Zero to One. This was an audiobook, narrated by the primary author, Peter Thiel. Thiel was cofounder of PayPal, is a director at Facebook and is an economic advisor to Donald Trump. It was originally compiled as entrepreneurship lecture notes by Stanford student Blake Masters.
Hearing his voice added a deeper insight into the book’s content. I could feel the experience behind his words. I could peer into the inner life of a Silicon Valley elite. How he viewed the world and those in it, as an insider. Surely an intellectual too.
He sounded mild and even tempered throughout, yet not boring because he sounded present and somehow healthy. Punctuated by sub-communicative insights. A hint of contempt for another elite person or organisation. A crack of sympathy for the unfortunate. Sometimes I felt this was contrived. It was interesting to hear someone speak about Facebook for example as an insider who had authority over it.
On to the content. I wasn’t struck by any great structure of the ideas. Being an audiobook it was hard to picture how the book was structured, as would appear in the contents. That can mean that the content itself is better though, remaining in the organic units of lessons, rather than being “boxed in” to an overall pleasing layout or architecture of ideas when they needn’t be. That’s how the content seemed to me overall: organised into lessons rather than a system. Then again “notes” is in the title.
It seems to me that the two great contemporary entrepreneurship books are The Lean Startup and this. Having read the former I felt compelled to contrast the two. During listening and now. The former felt more procedural and systematic. Whereas this felt more concerned with principles and fairly high level advices; the reason being that if you understand the principles and essential pieces then you can apply them to many or all scenarios and the details sort themselves out or don’t matter so much. Different people tend to prefer detailed or high level thinking, but I think it’s good to read both.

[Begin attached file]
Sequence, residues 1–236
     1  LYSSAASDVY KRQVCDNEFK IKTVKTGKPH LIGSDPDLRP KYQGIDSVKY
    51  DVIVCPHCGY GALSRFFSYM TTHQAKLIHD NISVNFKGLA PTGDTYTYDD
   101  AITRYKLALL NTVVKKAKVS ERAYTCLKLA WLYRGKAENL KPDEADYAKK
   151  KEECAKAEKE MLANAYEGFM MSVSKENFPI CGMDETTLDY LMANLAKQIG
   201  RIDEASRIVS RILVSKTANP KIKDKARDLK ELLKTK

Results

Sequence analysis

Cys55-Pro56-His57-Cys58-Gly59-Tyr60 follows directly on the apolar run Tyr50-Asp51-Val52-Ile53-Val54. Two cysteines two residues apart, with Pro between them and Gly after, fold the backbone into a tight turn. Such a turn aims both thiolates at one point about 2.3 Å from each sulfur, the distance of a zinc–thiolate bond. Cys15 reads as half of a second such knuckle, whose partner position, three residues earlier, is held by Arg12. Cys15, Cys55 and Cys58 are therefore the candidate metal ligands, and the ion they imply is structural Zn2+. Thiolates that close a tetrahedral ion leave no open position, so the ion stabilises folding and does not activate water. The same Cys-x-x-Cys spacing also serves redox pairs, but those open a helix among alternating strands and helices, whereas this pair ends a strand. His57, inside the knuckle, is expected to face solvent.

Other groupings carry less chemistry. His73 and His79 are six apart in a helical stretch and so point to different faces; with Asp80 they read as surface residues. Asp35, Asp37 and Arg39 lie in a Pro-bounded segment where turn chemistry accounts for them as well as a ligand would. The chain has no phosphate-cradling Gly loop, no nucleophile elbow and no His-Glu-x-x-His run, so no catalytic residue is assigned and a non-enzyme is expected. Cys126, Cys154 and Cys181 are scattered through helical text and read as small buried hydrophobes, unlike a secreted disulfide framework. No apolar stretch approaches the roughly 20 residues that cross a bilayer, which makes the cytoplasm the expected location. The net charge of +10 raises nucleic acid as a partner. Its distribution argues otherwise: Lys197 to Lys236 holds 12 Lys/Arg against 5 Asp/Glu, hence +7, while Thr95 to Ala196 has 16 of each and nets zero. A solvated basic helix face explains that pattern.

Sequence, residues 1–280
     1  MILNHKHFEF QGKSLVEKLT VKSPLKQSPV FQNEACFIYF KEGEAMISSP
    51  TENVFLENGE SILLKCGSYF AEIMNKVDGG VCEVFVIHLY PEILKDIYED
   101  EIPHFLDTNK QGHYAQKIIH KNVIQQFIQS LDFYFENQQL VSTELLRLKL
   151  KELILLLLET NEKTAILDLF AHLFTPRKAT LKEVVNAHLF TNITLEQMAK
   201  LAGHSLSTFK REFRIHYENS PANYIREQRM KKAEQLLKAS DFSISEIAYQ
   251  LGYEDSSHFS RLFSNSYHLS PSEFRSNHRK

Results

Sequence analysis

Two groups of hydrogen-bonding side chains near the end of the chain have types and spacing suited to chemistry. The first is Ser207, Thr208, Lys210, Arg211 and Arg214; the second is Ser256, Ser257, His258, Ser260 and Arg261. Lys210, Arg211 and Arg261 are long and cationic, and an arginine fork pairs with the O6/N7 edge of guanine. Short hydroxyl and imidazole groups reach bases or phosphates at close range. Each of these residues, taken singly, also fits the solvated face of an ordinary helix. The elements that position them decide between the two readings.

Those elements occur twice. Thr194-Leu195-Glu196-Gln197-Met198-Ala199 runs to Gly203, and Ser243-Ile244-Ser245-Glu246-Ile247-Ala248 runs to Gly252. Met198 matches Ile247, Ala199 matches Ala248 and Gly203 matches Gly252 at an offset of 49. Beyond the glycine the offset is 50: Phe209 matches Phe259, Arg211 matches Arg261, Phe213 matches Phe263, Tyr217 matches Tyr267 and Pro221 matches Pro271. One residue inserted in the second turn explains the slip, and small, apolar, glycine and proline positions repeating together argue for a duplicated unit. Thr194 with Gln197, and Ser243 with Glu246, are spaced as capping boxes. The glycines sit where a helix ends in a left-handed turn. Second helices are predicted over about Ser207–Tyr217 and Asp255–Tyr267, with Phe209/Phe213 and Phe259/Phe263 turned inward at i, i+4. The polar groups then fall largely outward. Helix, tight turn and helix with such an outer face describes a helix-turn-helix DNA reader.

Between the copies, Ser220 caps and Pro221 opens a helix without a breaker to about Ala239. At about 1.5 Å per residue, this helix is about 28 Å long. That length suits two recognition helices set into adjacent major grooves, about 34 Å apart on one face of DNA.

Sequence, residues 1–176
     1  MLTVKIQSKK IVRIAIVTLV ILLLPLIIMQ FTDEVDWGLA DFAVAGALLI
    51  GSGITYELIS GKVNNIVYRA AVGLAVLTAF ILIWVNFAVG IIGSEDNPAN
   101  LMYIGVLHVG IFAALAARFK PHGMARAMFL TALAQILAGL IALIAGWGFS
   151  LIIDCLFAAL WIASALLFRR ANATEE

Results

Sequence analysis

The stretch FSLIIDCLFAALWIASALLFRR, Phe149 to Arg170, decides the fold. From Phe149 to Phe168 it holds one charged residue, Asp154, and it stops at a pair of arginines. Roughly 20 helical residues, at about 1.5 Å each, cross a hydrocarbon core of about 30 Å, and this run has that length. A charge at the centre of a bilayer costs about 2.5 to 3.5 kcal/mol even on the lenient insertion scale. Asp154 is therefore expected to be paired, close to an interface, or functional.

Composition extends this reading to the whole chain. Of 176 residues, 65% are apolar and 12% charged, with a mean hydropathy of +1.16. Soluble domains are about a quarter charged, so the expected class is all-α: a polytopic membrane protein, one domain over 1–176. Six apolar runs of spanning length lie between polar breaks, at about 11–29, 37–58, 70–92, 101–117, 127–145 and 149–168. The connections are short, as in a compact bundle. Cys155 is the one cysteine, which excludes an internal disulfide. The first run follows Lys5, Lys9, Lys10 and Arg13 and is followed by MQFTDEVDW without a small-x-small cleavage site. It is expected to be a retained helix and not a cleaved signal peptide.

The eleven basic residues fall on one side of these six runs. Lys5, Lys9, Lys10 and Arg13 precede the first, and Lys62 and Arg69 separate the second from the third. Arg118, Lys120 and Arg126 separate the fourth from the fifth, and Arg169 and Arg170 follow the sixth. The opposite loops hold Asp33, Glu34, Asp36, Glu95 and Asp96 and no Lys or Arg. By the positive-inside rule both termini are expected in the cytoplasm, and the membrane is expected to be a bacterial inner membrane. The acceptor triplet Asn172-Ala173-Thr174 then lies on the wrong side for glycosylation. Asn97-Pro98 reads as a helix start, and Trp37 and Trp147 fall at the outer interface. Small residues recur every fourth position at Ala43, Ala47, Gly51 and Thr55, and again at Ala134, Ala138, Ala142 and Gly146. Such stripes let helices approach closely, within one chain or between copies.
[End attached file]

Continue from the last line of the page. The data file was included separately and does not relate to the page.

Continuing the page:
I feel Peter is more boss than Eric Ries. Thiel’s references to Shakespeare, Goethe and Tolstoy were impressive but it’s a rare person who can also speak personally about the likes of Elon Musk and Mark Zuckerberg as well. The book did feel a bit like a shrine to Thiel’s greatness or ego. It’s almost as if he rejected or never learned the value of humility. I suppose he intends and does a lot of good overall though which sufficiently justifies egoism in my view. It doesn’t beautify it but in this case the book is beautiful.
As the name suggests, this is a book primarily for ventures doing something new. I think the most central business message he had was that one should aim to be a monopoly: because in competition profits get competed away. The easiest way to be a monopoly is create something new.
Aim for technology that is 10x better than the nearest competitor. This was a message to engineers. This was balanced and contrasted by the message that you need a good sales strategy as well to succeed. The best ideas don’t always win, they have to succeed in the market to do that.
Some parts were very practical advice. Such as the importance of suitable cofounders and company culture.
It got philosophical at the beginning and towards the end. The thought experiment that there are four possible outcomes for humanity. The concept of “the singularity” being the logical end to technological advancement. Interesting, however briefly covered, and something that I’d want to look in to further. It made me realise that science fiction is probably good to read if you want to be a tech entrepreneur; thinking and feeling in terms of technology that doesn’t exist yet.